Use clear and descriptive link text
Hyperlinked text allows users to navigate to another page or file for additional information. Hyperlinks interrupt the user journey, so only link to the most useful information. Always consider what value the destination page offers to the user before using a hyperlink and ensure that the source and content are reputable.
It is important that users can easily identify all hyperlinks and know where the link will take them. Link text should be clear, specific, and accessible for all users.
Where possible, use the title of the publication you are linking to as link text. This is not always possible, for example, if the page title is overly long or does not fit naturally into the sentence. In these cases, try to include enough information in the link text so the user has clear information about the destination page. Do not use “click here” or “in this article”, as generic link text makes it difficult for users to know where the link will take them.
The readability and flow of the sentence should be the priority. Links should be incorporated as naturally as possible.
Link text should:
- include the source, page title and type of page where possible
- clearly describe the topic or purpose of the destination page
- be as concise as possible without losing meaning
- make sense as part of a sentence, and as text on its own
- say if the link opens in a new window
- be at the end of a sentence where possible
- include the file type and size if we are linking to a download file such as a PDF, Word document or Excel spreadsheet
Link text should not:
- use generic words such as “click here” or “this article”
- use full URLs
- have quotation marks around it
- be used more than once in each section when linking to the same page
- be overused in a sentence or paragraph
- use different link text when linking to the same web page
- be included in the Main points section; avoid directing users away from your content as soon as they land on the page
Examples of clear link text
Compare the GDP figures with previous preliminary GDP estimates.
Read our terms and conditions.
Examples of unclear link text
Click here to compare the GDP figures with previous preliminary estimates.
Read our terms and conditions at https://www.ons.gov.uk/help/termsandconditions.
Links to ONS releases
Where possible, use the full release title (including the content type such as bulletin or article).
View more information in our Coronavirus and self-isolation after testing positive in England: 28 February to 8 March 2022 bulletin.
Our Construction statistics, Great Britain: 2020 article includes more information.
In some cases, using the title and release type as link text interrupts the flow of the sentence. In these cases, try to use as much information about the destination page as possible without compromising the flow of the sentence.
For more information, see our article on how construction material and plant hire price inputs are affecting construction output prices over the coronavirus (COVID-19) pandemic period.
Links to Welsh content
All content on the page should be in the same language. If an English page has a Welsh language version available, include the following link text at the very start of the first section:
This page is available in Welsh (Cymraeg).
You should also include a hyperlink on the Welsh page that takes users back to the English version, in case any users land on the page in error. Use the following link text at the very start of the first section:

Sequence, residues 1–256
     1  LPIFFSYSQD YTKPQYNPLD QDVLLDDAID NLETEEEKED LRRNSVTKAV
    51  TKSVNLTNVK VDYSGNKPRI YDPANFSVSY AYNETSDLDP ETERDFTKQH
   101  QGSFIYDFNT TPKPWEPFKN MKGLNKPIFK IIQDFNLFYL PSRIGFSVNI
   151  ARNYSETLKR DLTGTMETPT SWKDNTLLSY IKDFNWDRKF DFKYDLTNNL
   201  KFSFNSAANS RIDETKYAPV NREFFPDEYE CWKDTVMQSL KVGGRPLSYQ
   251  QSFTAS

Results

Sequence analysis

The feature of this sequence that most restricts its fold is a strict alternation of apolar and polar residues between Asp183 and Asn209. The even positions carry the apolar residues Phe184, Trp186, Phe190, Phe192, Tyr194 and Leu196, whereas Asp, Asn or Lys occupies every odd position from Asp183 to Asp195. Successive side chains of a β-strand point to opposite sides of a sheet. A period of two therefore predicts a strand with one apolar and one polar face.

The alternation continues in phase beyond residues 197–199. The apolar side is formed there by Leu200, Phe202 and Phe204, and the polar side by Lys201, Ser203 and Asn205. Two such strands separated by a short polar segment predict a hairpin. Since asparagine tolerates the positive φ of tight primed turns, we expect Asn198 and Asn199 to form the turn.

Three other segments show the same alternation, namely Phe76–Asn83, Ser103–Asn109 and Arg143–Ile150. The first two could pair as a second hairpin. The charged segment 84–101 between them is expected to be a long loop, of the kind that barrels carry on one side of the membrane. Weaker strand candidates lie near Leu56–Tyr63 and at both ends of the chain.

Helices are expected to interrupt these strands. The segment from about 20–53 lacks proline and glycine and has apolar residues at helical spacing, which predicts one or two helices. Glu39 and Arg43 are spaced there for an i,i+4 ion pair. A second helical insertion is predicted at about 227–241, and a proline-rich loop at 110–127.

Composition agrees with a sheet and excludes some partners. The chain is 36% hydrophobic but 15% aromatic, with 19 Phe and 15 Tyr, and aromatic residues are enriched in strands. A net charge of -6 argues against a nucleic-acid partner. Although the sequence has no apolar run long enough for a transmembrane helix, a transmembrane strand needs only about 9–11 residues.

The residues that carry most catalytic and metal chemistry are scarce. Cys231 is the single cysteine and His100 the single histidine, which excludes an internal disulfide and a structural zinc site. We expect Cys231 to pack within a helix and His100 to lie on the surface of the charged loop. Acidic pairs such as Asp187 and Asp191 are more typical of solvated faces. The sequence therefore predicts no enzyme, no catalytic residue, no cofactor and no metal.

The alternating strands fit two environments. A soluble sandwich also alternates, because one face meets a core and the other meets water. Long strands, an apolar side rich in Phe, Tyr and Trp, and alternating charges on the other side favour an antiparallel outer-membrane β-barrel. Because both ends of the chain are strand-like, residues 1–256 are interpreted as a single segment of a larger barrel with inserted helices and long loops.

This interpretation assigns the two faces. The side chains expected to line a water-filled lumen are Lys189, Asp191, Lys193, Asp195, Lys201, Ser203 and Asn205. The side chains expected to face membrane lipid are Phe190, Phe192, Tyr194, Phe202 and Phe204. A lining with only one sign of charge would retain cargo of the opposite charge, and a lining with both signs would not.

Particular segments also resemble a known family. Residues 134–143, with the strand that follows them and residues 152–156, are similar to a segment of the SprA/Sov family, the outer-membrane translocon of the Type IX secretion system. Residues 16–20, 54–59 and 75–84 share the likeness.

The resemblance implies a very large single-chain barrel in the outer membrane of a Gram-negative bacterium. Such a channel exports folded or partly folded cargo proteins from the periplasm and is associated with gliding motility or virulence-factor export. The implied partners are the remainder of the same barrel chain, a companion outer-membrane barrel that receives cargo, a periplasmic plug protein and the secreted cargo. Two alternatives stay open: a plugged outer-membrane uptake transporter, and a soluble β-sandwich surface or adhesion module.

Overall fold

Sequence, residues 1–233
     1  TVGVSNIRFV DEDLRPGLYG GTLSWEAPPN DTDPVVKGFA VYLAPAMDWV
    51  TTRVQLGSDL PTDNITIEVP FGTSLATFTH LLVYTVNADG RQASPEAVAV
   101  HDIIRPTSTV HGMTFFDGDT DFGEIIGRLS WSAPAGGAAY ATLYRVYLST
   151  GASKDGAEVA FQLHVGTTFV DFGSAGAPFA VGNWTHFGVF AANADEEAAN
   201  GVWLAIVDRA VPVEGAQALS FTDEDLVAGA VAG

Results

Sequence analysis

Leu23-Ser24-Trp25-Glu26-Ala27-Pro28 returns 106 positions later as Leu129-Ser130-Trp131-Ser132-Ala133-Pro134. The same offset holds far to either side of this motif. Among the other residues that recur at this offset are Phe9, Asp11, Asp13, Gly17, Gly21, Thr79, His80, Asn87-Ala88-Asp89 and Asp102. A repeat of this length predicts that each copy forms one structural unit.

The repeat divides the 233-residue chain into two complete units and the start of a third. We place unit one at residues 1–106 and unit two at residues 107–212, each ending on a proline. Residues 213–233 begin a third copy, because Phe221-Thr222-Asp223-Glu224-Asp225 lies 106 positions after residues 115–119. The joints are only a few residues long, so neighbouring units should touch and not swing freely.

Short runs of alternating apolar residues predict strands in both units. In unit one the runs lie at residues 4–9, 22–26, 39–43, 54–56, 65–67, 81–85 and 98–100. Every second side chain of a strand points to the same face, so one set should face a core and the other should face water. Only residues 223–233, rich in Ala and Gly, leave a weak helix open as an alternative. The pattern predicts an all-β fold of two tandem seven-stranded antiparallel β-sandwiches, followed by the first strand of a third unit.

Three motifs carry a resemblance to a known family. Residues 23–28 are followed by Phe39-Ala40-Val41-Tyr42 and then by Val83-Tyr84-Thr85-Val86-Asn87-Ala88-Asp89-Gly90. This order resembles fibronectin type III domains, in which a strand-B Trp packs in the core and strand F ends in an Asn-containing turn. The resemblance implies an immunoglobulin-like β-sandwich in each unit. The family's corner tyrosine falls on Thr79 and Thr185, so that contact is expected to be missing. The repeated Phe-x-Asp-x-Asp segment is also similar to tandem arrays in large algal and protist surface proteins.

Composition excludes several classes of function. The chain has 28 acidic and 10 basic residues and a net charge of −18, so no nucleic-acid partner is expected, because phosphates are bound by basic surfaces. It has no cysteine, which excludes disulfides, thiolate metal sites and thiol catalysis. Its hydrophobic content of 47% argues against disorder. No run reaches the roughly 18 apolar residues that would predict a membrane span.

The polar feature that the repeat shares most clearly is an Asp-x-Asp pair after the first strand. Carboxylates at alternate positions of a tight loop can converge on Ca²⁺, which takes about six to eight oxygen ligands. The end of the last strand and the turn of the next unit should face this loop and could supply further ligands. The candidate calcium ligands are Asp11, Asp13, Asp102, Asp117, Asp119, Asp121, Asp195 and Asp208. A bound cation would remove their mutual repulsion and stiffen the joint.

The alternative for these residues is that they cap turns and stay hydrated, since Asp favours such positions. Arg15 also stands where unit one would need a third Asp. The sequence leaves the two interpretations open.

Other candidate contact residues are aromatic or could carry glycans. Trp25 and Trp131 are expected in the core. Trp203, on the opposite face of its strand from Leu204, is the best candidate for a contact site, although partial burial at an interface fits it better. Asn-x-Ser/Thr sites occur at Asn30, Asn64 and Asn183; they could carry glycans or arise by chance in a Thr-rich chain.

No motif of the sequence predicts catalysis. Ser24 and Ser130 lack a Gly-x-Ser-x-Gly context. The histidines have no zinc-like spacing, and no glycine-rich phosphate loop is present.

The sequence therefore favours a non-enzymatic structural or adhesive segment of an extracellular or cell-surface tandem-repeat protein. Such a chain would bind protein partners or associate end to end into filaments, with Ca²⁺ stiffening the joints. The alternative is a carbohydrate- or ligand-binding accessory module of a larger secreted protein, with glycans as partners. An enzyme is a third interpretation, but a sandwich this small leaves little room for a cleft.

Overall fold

Mae’r dudalen hon hefyd ar gael yn Saesneg (English).
Any hyperlinks included in Welsh content should also use Welsh link text.
Hyperlinks should take users to a Welsh version of the destination page if one is available.
If the link is taking the user to a page that is only available in English, include (yn Saesneg) at the end of the link text.
Ceir rhagor o wybodaeth yn ein hadroddiad Mwyafu ansawdd amcangyfrifon poblogaeth Cyfrifiad 2021 (yn Saesneg).
Links to ONS datasets
When linking to the datasets that accompany a specific release, we should always use “our accompanying datasets” as link text. We do not need to state the name of the dataset because the user should know that the dataset is related to the release they are reading.
Further analysis by vaccination status, including by region and age, can be found in our accompanying dataset.
Links to external publications
When linking to external pages or publications, use the source, page title and type of page where possible (such as report or article). If doing this interrupts the flow of the sentence, choose the most relevant descriptive wording that helps the user understand where they are being directed.
On 3 February 2022, the UK Government announced an Energy Bills Rebate package to help households manage rising energy bills.
In February 2022, the Department for Education (DfE) published a response to its Children not in school consultation.
Links to academic papers
When using a link to an academic paper, use the title of the article as the link text rather than the name(s) of the author(s) and the year of publication.
Example of clear link text
In their 2021 article Intergenerational inequality and the intergenerational state, Rice, Temple and McDonald found that…
Example of unclear link text
In their article Intergenerational inequality and the intergenerational state, Rice, Temple and McDonald (2021) found that…
Links to files and attachments
Where possible, link to a web page. If there is no alternative to linking to a file download, include the file type and size in brackets at the end of the link text.
There is more information about this in the International Standard Industrial Classification of all Economic Activities (ISIC), Rev.4 (PDF, 1063KB).
We are constantly improving based on research and best practice. Any significant changes to our guidance are available on the Updates page.
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